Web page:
Sunday 25 October

Daylight saving gave us an extra hour overnight. We could have spent this time sleeping but Rob had other ideas…and we left the YHA at 8.05 to drive to Kimmeridge Bay. The plan was for a 22km trip to Durdle Door and back with the additional option of rock-hopping along the way.

After parting with a hefty £10 per car* we dropped the kayaks off at the slipway then got organised (a.k.a faffed). The weather was amazing. Clear blue skies, warm sunshine and NO WIND. As a result the sea in the bay was completely flat – like a mill pond. Further out – on the rock ledge to the right of the Bay – there was some impressive looking surf but we skirted round that with ease and were on our way.

The morning’s paddle was so lovely. We were spoilt with brilliant weather, calm seas and amazing cliffs and strata lines courtesy of the Jurassic coastline. The wind (what little there was) was behind us and we were going with the current / tide. We spotted some enormous jelly fish and Rob and Corinne had fun rock-hopping. We arrived at Lulworth cove and were tempted to stop for lunch and a rest but we pushed on so that we could take advantage of the tide.

Between Lulworth cove and Durdle Door we met a group of kayakers from the New Forest. Sharing stories, it transpired that they had paid £5 to park at Ringstead and were heading for Lulworth cove before heading back. We found a rock arch to duck under and admired the huge strata lines in the cliff in the bay behind then it was onto the main attraction. We were at Durdle Door surprisingly quickly and it really is an impressive arch! A bunch of people were coasteering in the area and jumping off the far side of the arch, which looked like fun!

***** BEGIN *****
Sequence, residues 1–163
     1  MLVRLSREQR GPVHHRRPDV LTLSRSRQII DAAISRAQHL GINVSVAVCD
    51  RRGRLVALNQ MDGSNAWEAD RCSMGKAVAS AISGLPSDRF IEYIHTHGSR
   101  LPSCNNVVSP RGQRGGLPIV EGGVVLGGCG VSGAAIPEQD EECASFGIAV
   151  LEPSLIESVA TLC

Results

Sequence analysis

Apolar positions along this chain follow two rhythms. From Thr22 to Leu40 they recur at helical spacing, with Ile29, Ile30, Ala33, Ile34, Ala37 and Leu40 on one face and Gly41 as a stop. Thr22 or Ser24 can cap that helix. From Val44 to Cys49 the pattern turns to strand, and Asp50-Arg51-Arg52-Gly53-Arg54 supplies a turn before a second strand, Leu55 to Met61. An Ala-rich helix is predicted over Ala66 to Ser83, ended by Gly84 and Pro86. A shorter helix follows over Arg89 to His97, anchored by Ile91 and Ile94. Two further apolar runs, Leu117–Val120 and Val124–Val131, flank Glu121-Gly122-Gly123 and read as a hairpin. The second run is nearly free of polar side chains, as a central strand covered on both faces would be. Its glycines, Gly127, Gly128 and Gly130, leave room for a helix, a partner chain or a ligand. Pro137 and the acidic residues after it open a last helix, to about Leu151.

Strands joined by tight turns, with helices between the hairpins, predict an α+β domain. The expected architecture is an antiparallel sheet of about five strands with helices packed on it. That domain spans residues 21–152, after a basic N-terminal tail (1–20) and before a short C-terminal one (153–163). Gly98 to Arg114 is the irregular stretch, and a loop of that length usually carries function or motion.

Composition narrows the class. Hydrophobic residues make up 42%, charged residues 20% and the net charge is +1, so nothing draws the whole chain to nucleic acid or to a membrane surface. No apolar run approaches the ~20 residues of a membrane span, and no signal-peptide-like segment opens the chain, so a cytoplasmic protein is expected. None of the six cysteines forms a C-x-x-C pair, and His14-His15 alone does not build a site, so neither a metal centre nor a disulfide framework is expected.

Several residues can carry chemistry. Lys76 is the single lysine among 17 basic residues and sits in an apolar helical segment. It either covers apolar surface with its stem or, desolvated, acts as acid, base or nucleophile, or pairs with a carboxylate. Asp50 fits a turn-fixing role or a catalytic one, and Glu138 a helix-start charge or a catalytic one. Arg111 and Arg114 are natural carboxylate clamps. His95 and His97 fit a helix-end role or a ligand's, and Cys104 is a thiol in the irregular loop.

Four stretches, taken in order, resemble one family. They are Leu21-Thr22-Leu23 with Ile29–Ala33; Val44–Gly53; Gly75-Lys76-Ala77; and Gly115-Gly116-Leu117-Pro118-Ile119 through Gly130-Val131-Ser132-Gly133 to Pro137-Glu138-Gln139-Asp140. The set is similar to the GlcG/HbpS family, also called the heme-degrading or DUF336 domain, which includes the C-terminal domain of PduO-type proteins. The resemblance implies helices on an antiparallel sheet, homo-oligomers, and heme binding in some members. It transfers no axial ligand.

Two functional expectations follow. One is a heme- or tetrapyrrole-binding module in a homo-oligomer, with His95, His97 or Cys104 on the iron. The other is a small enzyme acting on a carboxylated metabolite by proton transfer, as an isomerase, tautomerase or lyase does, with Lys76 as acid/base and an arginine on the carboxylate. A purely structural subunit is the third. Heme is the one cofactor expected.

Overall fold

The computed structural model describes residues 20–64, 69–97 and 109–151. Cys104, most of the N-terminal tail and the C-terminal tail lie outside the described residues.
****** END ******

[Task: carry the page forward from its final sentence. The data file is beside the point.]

The return section back to Lulworth cove for lunch was slightly harder – some wind against tide and kayakers hungry for lunch but we made it in good time and lined up our kayaks alongside those from the New Forest club – it was pretty impressive seeing all 15 in a row.

The longer return trip back to Kimmeridge was hard work. We were paddling into a head wind but fortunately the tide/current had turned, which helped enormously. Izzy discovered what happens if you don’t pull your kayak far enough up the beach when you have a toilet-stop but aside from that it was uneventful!

We were all relieved to see Clavell tower appear in more detail as we got closer and closer to Kimmeridge. What was less pleasing was the surf forming on the rock ledge once more; fortunately we realised that if we skirted far enough round to the right we could avoid the breakers although it was a little lumpy for a short time.

We ended the trip with well-deserved cups of tea and slabs of cake in the Clavell café before heading back to London.

It was a brilliant weekend! Huge thanks go to Rob for leading; Goers for organising; Alex H for YHA membership and Corinne / Rob for the photos.

*Fee is £10 for a car with a boat/kayak on the roof; £5 for cars without boats… unclear what the fee is if the kayak is in the car.

Sally Widdop